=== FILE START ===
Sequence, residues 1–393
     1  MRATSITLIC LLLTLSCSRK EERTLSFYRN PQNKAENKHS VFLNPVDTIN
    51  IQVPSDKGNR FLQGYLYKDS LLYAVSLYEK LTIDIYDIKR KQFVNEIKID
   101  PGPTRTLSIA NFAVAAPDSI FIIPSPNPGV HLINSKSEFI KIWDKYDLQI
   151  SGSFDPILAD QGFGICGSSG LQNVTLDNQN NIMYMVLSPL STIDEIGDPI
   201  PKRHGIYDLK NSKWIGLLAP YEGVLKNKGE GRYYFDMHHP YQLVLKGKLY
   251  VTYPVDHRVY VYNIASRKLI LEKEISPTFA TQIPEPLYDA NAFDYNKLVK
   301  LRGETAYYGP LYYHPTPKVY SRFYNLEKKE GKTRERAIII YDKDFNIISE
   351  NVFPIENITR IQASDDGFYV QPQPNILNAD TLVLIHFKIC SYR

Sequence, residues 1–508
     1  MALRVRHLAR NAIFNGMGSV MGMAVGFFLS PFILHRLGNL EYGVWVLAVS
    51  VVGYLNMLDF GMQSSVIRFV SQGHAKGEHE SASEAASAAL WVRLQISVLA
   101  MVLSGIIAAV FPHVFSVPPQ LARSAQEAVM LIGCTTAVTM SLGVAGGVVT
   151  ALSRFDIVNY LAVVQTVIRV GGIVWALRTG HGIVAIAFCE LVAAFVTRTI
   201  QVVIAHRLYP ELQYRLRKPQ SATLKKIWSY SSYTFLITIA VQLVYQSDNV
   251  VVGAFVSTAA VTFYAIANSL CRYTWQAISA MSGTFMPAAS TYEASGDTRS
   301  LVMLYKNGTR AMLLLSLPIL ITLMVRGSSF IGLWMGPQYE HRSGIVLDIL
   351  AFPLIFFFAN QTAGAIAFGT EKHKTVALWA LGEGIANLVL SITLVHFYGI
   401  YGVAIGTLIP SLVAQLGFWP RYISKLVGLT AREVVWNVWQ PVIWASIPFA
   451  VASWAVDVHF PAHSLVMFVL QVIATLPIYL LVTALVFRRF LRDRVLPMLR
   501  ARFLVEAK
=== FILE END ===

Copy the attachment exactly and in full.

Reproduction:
Sequence, residues 1–393
     1  MRATSITLIC LLLTLSCSRK EERTLSFYRN PQNKAENKHS VFLNPVDTIN
    51  IQVPSDKGNR FLQGYLYKDS LLYAVSLYEK LTIDIYDIKR KQFVNEIKID
   101  PGPTRTLSIA NFAVAAPDSI FIIPSPNPGV HLINSKSEFI KIWDKYDLQI
   151  SGSFDPILAD QGFGICGSSG LQNVTLDNQN NIMYMVLSPL STIDEIGDPI
   201  PKRHGIYDLK NSKWIGLLAP YEGVLKNKGE GRYYFDMHHP YQLVLKGKLY
   251  VTYPVDHRVY VYNIASRKLI LEKEISPTFA TQIPEPLYDA NAFDYNKLVK
   301  LRGETAYYGP LYYHPTPKVY SRFYNLEKKE GKTRERAIII YDKDFNIISE
   351  NVFPIENITR IQASDDGFYV QPQPNILNAD TLVLIHFKIC SYR

Sequence, residues 1–508
     1  MALRVRHLAR NAIFNGMGSV MGMAVGFFLS PFILHRLGNL EYGVWVLAVS
    51  VVGYLNMLDF GMQSSVIRFV SQGHAKGEHE SASEAASAAL WVRLQISVLA
   101  MVLSGIIAAV FPHVFSVPPQ LARSAQEAVM LIGCTTAVTM SLGVAGGVVT
   151  ALSRFDIVNY LAVVQTVIRV GGIVWALRTG HGIVAIAFCE LVAAFVTRTI
   201  QVVIAHRLYP ELQYRLRKPQ SATLKKIWSY SSYTFLITIA VQLVYQSDNV
   251  VVGAFVSTAA VTFYAIANSL CRYTWQAISA MSGTFMPAAS TYEASGDTRS
   301  LVMLYKNGTR AMLLLSLPIL ITLMVRGSSF IGLWMGPQYE HRSGIVLDIL
   351  AFPLIFFFAN QTAGAIAFGT EKHKTVALWA LGEGIANLVL SITLVHFYGI
   401  YGVAIGTLIP SLVAQLGFWP RYISKLVGLT AREVVWNVWQ PVIWASIPFA
   451  VASWAVDVHF PAHSLVMFVL QVIATLPIYL LVTALVFRRF LRDRVLPMLR
   501  ARFLVEAK